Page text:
Nunatsiaq Online
NEWS: Nunavut January 20, 2017 - 7:00 am

GN proposes new independent territory-wide education council

New body would be an advocate for district education authorities, education minister says

NUNATSIAQ NEWS
Education Minister Paul Quassa, with his deputy minister Kathy Okpik, speaks at a Nunavut Coalition of District Education Authorities meeting in Iqaluit last October. (FILE PHOTO)
Education Minister Paul Quassa, with his deputy minister Kathy Okpik, speaks at a Nunavut Coalition of District Education Authorities meeting in Iqaluit last October. (FILE PHOTO)

Nunavut’s education officials have proposed a new territory-wide District Education Authority Council, or DEA Council.

Nunavut Education Minister Paul Quassa announced the new body in a New Year’s update and advertisement which his department bought in local media earlier this month.

The proposal is just one of many being presented, as the government works to revamp its Education Act.

In the update, Quassa said the new council would be independent from the Government of Nunavut and directed by elected DEA members.

The new body would be an advocate for education authority bodies in each community, offering “support… in their daily operations and their policy and program development,” he said.

The proposed council appears to replace the Coalition of Nunavut DEAs, which currently advocate for Nunavut’s 26 elected DEAs.

Nunatsiaq News was unable to reach the coalition nor the minister’s office for comment by press time.

The GN’s plans to amend its Education Act, including the make-up of DEAs, has drawn criticism from Nunavummiut during consultations hosted across the territory last year.

That’s because the proposal shifts more responsibility onto educators and administrators and away from community-based DEAs, while re-focusing the role of DEAs on policy governance and local programming.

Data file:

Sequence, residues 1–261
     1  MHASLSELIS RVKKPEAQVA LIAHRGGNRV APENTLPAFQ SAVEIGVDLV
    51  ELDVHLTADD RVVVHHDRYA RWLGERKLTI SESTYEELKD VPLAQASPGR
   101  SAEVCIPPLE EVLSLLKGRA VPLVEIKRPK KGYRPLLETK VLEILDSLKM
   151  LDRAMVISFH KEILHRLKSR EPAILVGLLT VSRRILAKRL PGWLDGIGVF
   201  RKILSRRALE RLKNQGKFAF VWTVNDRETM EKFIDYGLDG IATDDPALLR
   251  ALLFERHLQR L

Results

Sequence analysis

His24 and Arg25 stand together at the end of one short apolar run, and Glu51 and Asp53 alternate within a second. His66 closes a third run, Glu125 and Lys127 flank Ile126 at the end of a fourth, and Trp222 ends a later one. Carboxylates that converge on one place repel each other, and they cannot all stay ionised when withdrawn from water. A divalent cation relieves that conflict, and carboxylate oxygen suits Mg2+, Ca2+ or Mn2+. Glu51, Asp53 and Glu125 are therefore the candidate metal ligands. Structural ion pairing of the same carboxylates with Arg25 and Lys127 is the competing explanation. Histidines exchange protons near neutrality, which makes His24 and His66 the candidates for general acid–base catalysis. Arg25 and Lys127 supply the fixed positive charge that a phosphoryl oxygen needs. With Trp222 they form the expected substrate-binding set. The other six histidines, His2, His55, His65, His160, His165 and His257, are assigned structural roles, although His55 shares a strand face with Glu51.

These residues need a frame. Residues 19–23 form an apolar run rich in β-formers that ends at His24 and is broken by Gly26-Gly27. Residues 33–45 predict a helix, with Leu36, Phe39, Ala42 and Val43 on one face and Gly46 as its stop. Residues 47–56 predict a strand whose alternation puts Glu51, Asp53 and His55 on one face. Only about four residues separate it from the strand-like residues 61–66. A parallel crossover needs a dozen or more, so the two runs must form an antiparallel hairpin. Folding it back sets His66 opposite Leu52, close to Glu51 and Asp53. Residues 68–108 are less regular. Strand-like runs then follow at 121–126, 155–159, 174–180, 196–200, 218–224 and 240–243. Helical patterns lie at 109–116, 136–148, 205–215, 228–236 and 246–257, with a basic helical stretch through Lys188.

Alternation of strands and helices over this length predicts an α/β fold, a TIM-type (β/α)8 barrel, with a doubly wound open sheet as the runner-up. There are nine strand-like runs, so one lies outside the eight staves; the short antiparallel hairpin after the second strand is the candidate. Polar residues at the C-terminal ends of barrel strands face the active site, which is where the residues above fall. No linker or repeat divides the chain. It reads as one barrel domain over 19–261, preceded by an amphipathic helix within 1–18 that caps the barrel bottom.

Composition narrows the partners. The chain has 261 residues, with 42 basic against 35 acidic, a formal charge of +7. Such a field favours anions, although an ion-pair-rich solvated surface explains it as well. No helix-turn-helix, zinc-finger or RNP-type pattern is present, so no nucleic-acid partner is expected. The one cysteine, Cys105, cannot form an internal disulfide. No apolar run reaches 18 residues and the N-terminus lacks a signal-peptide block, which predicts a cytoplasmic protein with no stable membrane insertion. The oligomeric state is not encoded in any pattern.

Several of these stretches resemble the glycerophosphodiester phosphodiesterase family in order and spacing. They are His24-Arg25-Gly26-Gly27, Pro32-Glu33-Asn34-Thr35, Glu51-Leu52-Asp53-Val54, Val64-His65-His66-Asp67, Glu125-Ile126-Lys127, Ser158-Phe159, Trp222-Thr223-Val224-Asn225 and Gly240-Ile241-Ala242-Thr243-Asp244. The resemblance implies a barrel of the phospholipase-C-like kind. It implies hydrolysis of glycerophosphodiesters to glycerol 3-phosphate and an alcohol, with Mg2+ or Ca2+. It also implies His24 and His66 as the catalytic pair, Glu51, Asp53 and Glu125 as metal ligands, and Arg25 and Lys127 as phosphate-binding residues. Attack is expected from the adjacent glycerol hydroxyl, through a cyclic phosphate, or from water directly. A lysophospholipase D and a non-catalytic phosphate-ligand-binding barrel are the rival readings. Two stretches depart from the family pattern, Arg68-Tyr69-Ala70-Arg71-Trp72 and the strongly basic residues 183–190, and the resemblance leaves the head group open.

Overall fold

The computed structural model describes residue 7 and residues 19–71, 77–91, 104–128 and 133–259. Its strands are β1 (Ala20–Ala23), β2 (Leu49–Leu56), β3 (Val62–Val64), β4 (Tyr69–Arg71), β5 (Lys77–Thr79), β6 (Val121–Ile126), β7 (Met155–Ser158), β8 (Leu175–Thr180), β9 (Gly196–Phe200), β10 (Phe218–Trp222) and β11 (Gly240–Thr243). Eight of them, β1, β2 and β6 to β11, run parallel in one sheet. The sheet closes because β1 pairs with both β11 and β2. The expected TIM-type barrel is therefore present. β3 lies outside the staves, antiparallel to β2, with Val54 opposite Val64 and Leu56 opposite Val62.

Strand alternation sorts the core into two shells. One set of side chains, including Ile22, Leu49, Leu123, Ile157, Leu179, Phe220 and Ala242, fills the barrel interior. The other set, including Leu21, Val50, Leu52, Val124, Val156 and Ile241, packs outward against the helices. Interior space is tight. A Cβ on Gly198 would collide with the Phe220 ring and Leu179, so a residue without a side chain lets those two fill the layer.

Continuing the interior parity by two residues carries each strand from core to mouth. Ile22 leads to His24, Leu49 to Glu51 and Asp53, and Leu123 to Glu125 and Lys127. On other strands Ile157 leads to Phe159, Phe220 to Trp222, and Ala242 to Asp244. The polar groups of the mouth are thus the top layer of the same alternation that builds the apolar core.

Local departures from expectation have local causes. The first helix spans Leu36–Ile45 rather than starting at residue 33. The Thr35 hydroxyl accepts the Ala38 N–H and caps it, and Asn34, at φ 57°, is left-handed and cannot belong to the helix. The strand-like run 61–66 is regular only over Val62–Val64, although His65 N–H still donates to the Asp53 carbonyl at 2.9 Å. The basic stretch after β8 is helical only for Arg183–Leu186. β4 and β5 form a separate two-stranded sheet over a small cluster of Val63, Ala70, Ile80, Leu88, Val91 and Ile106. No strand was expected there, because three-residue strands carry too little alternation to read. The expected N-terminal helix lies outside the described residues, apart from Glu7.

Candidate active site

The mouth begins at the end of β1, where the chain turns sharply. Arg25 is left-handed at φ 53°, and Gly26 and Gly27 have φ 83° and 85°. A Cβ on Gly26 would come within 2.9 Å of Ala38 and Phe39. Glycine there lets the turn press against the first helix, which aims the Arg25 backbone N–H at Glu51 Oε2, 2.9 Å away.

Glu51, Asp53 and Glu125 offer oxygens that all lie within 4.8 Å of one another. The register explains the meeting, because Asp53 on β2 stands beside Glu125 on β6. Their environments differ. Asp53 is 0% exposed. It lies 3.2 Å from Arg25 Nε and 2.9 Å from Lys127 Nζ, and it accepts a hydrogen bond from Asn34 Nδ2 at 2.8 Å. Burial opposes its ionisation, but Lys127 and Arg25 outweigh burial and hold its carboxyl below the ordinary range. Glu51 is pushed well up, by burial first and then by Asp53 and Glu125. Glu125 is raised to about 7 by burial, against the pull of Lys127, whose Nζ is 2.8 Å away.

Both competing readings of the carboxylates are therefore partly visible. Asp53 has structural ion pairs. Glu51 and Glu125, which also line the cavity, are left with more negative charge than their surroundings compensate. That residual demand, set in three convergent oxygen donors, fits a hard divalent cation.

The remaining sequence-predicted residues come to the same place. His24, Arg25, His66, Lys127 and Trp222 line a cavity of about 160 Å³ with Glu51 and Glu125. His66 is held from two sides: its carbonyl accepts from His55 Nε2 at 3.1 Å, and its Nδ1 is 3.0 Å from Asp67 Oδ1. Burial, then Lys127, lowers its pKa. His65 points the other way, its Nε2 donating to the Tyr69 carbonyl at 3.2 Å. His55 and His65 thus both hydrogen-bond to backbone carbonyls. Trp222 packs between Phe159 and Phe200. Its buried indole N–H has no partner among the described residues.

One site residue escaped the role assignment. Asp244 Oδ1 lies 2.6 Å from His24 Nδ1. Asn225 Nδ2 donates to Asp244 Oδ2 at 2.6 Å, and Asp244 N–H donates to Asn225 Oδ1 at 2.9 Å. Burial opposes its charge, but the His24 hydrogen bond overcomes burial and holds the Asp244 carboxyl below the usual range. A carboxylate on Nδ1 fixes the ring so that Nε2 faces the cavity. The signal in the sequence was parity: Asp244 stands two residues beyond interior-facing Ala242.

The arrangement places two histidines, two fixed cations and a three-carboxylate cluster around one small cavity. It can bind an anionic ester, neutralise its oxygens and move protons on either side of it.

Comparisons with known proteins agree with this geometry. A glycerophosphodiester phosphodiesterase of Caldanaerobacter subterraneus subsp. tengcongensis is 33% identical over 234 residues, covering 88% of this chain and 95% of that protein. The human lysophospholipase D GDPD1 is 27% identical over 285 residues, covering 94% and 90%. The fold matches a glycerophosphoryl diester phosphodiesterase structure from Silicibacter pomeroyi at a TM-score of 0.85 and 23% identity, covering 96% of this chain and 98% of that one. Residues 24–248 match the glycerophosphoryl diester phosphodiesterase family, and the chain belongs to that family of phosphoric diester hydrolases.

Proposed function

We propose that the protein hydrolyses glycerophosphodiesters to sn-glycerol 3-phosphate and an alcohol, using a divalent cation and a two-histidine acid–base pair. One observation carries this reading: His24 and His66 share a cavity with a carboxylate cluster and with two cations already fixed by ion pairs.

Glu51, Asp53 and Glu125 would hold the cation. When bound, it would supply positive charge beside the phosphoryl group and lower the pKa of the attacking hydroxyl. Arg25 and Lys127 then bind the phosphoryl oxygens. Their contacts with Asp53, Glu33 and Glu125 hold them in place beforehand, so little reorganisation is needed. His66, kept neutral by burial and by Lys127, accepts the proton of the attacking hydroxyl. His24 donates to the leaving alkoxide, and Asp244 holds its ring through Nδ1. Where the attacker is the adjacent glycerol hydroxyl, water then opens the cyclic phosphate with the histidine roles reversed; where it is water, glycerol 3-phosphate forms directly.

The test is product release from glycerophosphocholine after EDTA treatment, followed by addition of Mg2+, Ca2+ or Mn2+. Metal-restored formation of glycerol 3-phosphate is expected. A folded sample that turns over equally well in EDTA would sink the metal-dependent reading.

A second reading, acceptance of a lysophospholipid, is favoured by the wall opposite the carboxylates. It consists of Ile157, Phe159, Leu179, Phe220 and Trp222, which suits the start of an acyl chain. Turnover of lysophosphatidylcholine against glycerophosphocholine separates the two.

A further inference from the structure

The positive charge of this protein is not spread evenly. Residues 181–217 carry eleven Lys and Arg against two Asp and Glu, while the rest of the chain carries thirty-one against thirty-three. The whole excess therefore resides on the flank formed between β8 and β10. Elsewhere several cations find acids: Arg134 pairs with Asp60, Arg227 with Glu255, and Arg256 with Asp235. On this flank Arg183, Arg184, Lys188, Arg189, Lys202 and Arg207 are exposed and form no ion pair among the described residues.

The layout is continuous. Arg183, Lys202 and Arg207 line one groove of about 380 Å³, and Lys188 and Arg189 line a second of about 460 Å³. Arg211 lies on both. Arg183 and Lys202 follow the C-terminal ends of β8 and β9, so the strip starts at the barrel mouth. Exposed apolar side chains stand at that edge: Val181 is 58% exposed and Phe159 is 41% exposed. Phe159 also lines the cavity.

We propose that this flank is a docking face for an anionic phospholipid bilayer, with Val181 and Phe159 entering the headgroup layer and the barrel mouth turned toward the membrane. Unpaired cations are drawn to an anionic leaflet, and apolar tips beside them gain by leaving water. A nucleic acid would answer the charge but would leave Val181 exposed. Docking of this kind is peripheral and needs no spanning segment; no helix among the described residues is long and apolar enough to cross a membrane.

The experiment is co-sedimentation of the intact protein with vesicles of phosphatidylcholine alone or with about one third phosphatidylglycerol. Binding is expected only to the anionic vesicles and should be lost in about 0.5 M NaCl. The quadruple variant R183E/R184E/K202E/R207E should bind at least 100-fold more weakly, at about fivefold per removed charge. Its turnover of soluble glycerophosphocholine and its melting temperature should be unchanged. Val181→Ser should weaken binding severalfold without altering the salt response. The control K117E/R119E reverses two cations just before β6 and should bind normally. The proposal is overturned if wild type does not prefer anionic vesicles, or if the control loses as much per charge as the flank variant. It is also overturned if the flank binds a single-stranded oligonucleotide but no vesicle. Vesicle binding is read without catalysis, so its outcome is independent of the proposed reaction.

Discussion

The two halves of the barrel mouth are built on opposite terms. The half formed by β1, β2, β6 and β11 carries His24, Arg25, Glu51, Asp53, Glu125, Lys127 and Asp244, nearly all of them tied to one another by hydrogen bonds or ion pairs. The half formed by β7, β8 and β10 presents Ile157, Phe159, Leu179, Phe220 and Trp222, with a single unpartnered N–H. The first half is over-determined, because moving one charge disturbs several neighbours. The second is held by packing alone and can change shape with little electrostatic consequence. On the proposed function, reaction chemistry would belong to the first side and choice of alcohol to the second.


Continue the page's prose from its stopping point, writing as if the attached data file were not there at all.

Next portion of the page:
From the standpoint of DEAs, the fear is that a more centralized administration of education could wipe out regional accountability for the territory’s schools.

In his message to Nunavummiut, Quassa also committed the GN to amending subsection 8(1) of the Inuit Language Protection Act in a way that would clarify “the right of Inuit parents to have the majority of instruction in the Inuit language.”

Quassa said the amendments would help his department make clear what subjects should be taught in Inuktut.

Quassa also said that the GN plans to work with Nunavut Arctic College to conduct a review of the college’s Nunavut Teacher Education Program, and alongside Nunavut Tunngavik Inc., to develop a strong Inuit employment plan.

Nunavut’s current education act came into force in 2008. Since then, the legislation has been through major reviews by the territory’s legislative assembly as well as the Office of the Auditor General of Canada.

Among other changes to the act which have been previously proposed:

• increasing standardization across the territory, including instruction minutes and language of instruction by subject and grade level;

• defining the roles and responsibilities of principals and teaching staff;

• better defining lines of accountability and responsibility between the GN and the territory’s only French-language school board, the Conseil scolaire francophone du Nunavut; and,

• clarifying the role of Inuit Qaujimajatuqangit within the legislation.

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